Giant Killing

TV (26 eps)
3.79 out of 5 from 3,379 votes
Rank #2,284

Years ago, the East Tokyo United soccer team was a force to be reckoned with, captained by the talented and charismatic Takeshi Tatsumi. But after leaving suddenly to join an amateur team in England, ETU's record and morale quickly plummeted, their meager status kept afloat only by the efforts of new captain Murakoshi. Now, several years have passed and Takeshi is in town once more, this time to bring the team back to victory. But with fans resentful of the man's former departure, clashing personalities on the team and Takeshi's unorthodox and lackadaisical coaching style, ETU's rise to fame won't be easy...

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      A sports anime that's fairly unique for the medium of anime, but viewers who've seen American sports films will recognize the tropes early on. Still, decent production values and execution of the premise make this series worth a watch (even if it won't be killing any giants in the ratings department).STORY       It says something about the anime industry when not centering on high school or high school students is enough to make your show unique. Giant Killing takes a road less travelled and follows the fictional professional club East Tokyo United, going for a more realistic approach devoid of any over-the-top sports superpowers. The name 'Giant Killing' comes from what manager Tatsumi calls his tactics for defeating large, powerful clubs with a small, weak one. And considering that East Tokyo United has no budget, a second-rate stadium, a tiny fan base, and a decade-long losing streak, they might just be the smallest and weakest club in Japan's top soccer league.       With the premise out of the way, let's get down to the craft of the story. A point in this show's favor is that it is willing to let ETU lose from time to time. Most stories featuring underdog teams have them lose the first few games, then turn things around and blast their way to the championship against the clearly evil powerhouse squad- ETU endures hot streaks and cold slumps in a believeable manner. Another point is that there is no clearly "evil" squad or character that goes around kicking puppies and twisting their mustaches just to make sure the audience knows to root against them (aside from one slimy ex-ETU manager, but even he isn't too badly overblown). Finally, the tactics Tatsumi uses to win the critical soccer matches actually have a degree of foreshadowing to them so they don't seem like Deus Ex Machinas pulled out of thin air because the plot demands ETU win.      Unfortunately, these critical matches are also some of Giant Killing's weaker moments, as there were times a game could have been wrapped up in an episode or two less than what was used- so occasionally the plot can feel a bit padded. Also, given that the manga is still ongoing as of January 2016 and this show was released in 2010, it should be obvious that the anime doesn't cover its source material in its entirity. However, the ending was still solid, demonstrating that East Tokyo United has turned a corner is no longer the punching-bag club they once were. Frankly, I thought the anime ended at a very good point- before the matches got stale, but with the main challenge cleared so there's still a sense of closure. The story doesn't stray too terribly far from the archetype, but is unique and well executed enough to last its 26-episode run. PRODUCTION VALUES          The art is decent but nothing special. Animation quality is acceptable, with the use of CGI being fairly well done, restricted to large crowd shots and full field shots where there is a lot of motion and the lack of detail is less noticeable. The shots with traditional animation weren't particulalry inspired, often just showing close-ups of individual players during the matches, or at most showing a small range of motion, with large scale plays always rendered in CG. The character designs, however, are certainly unique as they aren't stereotypical anime looks, and are varied enough that you never have trouble telling characters apart even with the large cast.       Sound in Giant Killing is definitely the high point of the show. Both the OP ('My Story'- The Cherry Coke$) and ED ('Get Tough!'- by G.P.S) are stellar, going for a British punk sound that immediately conjures up thoughts of both soccer and giving impossible odds the finger (which is to say they fit the theme of the show perfectly). Also, bagpipes. The soundtrack itself is fairly basic, with nothing that you probably haven't heard in a sports movie or show before. As this show hasn't been dubbed in English (and likely never will be due to sports anime/manga typically selling poorly in North America) you'll have to watch it in sub. I could certainly tell the voice actors apart and get sense of their characters, but not being a Japanese speaker there's a limit to how well I can say they did or didn't do there jobs. There's a smattering of English-language dialogue throughout (soccer is an international sport after all) and while I could tell it wasn't the first language of whoever was speaking, it was never ears-bleeding bad either. Lastly, I want to mention the sound effects, which rarely stand out to many in even the best anime. The effects used when the ball was being kicked gave a real sense of power and speed, like a pro soccer player really had struck the ball with all his might, greatly helping the imersion. CHARACTERS            For if you like cocky, eccentric geniuses, manager Tatsumi is your man. Since ETU doesn't have the raw talent to dominate opponents he has to change tactics nearly every match to attack whatever weak points the opponent has, be it over-reliance on certain players, tatical inflexibility, or simply not taking his small club seriously. His oddball personality and unique way of doing things tend to drive most of the people around him nuts, however. The rest of the cast is solid as well, though there are limits to what you can do when you have to cover a lot of characters with little time. All the major cast members have distinct personalities, most of which undergo a degree of development. The substitute players and less important staff tend to be more one-note, but since they're on screen less it's forgivable. Overall, the characters are pretty good for a cast this large and for this genre of story. OVERALL     Giant Killing may not kill any anime giants, but it is an entertaining ride for those looking for a good sports anime.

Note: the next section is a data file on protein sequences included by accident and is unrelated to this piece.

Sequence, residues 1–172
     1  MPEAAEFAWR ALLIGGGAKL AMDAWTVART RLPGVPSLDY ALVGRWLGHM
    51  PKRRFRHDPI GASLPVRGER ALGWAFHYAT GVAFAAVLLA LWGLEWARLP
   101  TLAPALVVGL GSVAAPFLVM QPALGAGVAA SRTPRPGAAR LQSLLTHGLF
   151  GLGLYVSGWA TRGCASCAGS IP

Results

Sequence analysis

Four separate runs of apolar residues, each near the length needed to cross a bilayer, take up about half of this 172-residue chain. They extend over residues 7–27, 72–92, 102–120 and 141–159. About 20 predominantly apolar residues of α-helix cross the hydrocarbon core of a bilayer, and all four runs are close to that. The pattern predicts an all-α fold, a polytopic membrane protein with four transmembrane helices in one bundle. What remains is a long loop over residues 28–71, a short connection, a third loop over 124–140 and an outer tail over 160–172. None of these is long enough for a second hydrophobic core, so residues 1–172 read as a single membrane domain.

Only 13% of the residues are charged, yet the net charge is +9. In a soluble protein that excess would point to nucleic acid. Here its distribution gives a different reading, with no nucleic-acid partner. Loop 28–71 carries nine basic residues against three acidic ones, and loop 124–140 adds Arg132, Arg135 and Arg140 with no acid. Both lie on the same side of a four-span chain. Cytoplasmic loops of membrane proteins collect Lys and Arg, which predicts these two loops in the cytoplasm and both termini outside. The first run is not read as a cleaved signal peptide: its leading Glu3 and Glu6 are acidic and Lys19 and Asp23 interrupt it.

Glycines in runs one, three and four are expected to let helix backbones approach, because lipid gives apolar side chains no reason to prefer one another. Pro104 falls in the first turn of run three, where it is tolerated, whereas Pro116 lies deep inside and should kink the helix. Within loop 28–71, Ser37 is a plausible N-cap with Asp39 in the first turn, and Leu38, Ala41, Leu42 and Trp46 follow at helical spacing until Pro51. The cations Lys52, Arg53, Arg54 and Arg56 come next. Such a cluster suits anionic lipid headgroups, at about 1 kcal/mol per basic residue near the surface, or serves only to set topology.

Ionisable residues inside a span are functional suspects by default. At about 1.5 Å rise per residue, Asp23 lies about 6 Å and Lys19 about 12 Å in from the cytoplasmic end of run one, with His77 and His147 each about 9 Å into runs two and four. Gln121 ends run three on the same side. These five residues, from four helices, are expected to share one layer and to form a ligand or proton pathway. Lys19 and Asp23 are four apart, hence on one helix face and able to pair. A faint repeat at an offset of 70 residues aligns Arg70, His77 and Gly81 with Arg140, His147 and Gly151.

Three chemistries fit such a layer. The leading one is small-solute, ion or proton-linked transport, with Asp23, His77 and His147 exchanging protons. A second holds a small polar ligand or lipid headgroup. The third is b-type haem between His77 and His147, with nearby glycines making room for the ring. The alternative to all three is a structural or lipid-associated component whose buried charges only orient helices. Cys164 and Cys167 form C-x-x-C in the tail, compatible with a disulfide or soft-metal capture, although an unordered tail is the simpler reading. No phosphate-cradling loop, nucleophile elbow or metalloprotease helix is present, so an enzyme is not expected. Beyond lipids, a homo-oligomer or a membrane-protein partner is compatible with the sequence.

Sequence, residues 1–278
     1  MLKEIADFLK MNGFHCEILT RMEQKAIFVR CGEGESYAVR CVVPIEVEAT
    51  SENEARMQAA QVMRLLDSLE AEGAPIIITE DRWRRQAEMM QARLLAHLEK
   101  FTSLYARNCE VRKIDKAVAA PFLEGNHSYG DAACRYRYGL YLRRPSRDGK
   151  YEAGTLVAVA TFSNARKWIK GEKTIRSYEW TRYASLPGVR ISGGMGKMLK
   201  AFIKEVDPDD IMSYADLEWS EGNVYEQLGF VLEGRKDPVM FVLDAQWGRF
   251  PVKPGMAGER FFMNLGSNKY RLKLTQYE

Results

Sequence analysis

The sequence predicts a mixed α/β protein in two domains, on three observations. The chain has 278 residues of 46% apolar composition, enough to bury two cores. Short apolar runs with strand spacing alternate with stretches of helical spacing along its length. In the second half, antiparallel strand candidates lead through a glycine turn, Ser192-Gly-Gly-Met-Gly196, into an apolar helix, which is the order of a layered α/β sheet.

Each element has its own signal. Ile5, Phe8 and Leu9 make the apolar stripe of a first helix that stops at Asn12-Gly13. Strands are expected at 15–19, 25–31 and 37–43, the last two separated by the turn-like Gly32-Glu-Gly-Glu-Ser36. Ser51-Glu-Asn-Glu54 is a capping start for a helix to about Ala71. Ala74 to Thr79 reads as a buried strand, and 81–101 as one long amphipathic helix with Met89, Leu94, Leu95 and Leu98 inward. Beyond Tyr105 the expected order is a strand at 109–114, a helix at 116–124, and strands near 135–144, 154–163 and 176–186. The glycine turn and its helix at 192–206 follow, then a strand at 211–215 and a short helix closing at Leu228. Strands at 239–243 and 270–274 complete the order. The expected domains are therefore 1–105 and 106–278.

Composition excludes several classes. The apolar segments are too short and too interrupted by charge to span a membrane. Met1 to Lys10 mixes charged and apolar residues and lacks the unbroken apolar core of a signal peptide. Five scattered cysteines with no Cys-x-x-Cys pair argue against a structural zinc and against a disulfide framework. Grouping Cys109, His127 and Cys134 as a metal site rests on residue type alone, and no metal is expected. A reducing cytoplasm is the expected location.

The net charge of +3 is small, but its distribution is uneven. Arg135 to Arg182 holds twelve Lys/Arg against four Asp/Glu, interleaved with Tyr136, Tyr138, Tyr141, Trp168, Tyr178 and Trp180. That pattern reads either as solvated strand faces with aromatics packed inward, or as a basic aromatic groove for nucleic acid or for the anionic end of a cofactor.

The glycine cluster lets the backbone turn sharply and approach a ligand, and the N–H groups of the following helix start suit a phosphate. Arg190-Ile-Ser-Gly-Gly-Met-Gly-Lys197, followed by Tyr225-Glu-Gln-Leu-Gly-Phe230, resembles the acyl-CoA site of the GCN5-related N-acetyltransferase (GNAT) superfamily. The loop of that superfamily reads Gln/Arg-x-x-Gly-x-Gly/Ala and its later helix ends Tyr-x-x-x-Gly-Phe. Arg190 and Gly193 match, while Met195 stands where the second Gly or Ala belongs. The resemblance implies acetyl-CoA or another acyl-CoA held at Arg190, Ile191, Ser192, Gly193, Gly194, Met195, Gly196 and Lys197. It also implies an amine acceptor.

Giant Killing is the sports anime equivalent of an Avengers movie that’s told from Nick Fury’s point of view. The juicy action scenes are all here and the fanbase in-fighting is as alive as ever, but the real meat of the story is in the actual assembling of the team. In Giant Killing, your Nick Fury is Tatsumi Takeshi, the prodigious football manager who’s already made a name for himself overseas, but gets called back home to take over the basement-dwelling East Tokyo United football club. At first, there’s some excitement in the ways Tatsumi pushes everyone’s buttons, especially since his antics really do yield some very realistic results. He doesn’t win games right away as ETU’s new manager, but he is able to change the mindset of the locker room over time. The change is gradual, but it’s a slow-moving process that requires the efforts of every team member, as well as the stupidity and general uselessness of ETU’s entire coaching staff. And like any good sports anime worth its salt, most of the character development happens during the actual games. With this standard progression of events, it's almost impossible for Giant Killing to trip over itself and screw things up. But at the same time, it’s also easy to see why this isn’t anything particularly special. As careful as it is about itself, Giant Killing still comes up short in several aspects: games that shouldn’t have lasted as long as they did, lengthy character monologues that broke the momentum of some in-game action, and plot threads that were teased but didn’t really go anywhere. The show lacks that little extra oomph and kick to nudge it over the average line, in other words, even if it’s supposed to stand out with its fairly unique focus on a professional football team. But it is solid and isn’t actually half-bad. Its focus on adult protagonists makes for a nice change of pace for a sports anime, and it’s generally friendly to football newcomers. It’s also able to balance everyone’s personalities on the team nicely – because the characters are well-defined, you'll have no problem familiarizing yourself with the different positions of a football team.  But as it is, Giant Killing is still pretty average. You might not have a blast with this, but getting into it won’t be a complete waste of time. It’s got its fair share of victorious, pump your fist-type moments, but you’ve also got to brace yourself for the dull downtime. It's almost like watching an actual football game, really. At least it’s got that level of realism going for it.